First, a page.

If you have installed the tool chain somewhere else, you can manually change your preference to be the directory that encloses the bin directory that avrdude resides in. You can default back to the CrossPack tool chain by clicking on the Use CrossPack button in the Preferences window.
An AVR Tool session consists of a set of selections (the location of hex file, the serial port and type of development board, the AVR chip type which is being programmed, etc) that can be saved and re-used in the future.
After launching AVR Tools, you can select a New Session, or open an existing session file.
Each session can be saved (or saved into a file with a different name). The saved file is a Cocoa dictionary (similar to a plist file) with the properties of the session. The saved file has an avrtools file extension. You can also launch AVR Tools with the saved settings simply by double clicking on the avrtools file in the Finder.
When you select New Session, a new AVR Tools session window will appear, showing the Program tab. The Upload button in this tab view is used to program new firmware into your AVR.
Use a Browse button to select a hex file to upload to the programmer.
To clear either the Flash (program) or the EEPROM fields, click Browse button and then Cancel from the file open dialog. That will clear the corresponding text field. AVR Tools avoids touching the memory of a hex file field that are not defined..
If the file that contains the hex code does not use the .hex extension, uncheck the .hex only checkbox. With the .hex only selected, all other files (except folders) are grayed out, making it easy to find files with the .hex extension.
The scrolled text view under the text fields contains the console log from avrdude. The Clear button at the bottom left of the window clears this log. You can cut and paste from this log, but text that is typed into this text view will be ignored. If you want to talk directly to the STK500 programming port, you can use the Terminal emulator (described later).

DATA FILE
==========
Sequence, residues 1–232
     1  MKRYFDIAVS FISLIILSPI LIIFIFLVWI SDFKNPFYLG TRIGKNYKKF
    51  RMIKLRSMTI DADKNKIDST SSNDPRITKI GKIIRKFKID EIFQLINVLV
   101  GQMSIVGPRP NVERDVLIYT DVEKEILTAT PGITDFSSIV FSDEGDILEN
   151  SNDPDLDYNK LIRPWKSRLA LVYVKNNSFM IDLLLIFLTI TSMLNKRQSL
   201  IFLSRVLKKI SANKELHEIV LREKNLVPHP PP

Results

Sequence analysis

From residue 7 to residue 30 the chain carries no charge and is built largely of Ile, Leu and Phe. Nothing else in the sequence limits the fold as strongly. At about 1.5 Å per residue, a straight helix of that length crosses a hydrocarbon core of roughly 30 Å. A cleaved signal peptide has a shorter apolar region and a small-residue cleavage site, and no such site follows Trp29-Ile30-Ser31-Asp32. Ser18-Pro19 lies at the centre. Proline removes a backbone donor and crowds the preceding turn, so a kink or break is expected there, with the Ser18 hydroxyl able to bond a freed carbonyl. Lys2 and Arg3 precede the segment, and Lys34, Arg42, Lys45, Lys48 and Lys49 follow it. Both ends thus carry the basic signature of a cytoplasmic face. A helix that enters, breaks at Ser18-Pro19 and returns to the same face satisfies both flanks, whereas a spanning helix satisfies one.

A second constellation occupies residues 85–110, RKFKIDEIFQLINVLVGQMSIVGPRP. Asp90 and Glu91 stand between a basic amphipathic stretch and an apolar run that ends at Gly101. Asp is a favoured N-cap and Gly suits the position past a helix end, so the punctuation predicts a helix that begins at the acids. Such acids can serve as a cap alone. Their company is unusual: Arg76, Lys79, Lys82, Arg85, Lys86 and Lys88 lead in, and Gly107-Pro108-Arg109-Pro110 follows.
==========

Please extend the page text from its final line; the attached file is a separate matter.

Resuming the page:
If this is a newly created session, you will need to first fill a few other items in the other tab views before you click on the Upload button.
The Fuses tab lets you set the fuses in the AVR chip. You will usually not need to change the default fuses that are shipped in the chip. If you leave a fuse field empty, that fuse will not be touched. If you want a fuse to be programmed, enter a two digit hex value, such as 62 or bf.
The Device tab contains a popup menu for you to select the AVR chip that you are programming.
The Programmer tab lets you select the development board that you are using for programming, together with the serial port it uses. avrdude supports a number of programmers, although I have only tested AVR Tools on the Arduino UNO, Arduino Micro and the Atmel STK500.
Please make sure that you select the "Version 2" STK500 (as shown below) if you have a more recent STK500. If you select the original Atmel STK500 from the popup menu, avrdude will take extra time to discover that it really is talking to a version 2 board. If you choose to use the high voltage programming function on the STK500, you will need to select the high voltage version of the STK500 in the popup menu.
You need to select the serial port (either a serial adapter or a USB port on the programmer) that you are using to communicate with the programmer.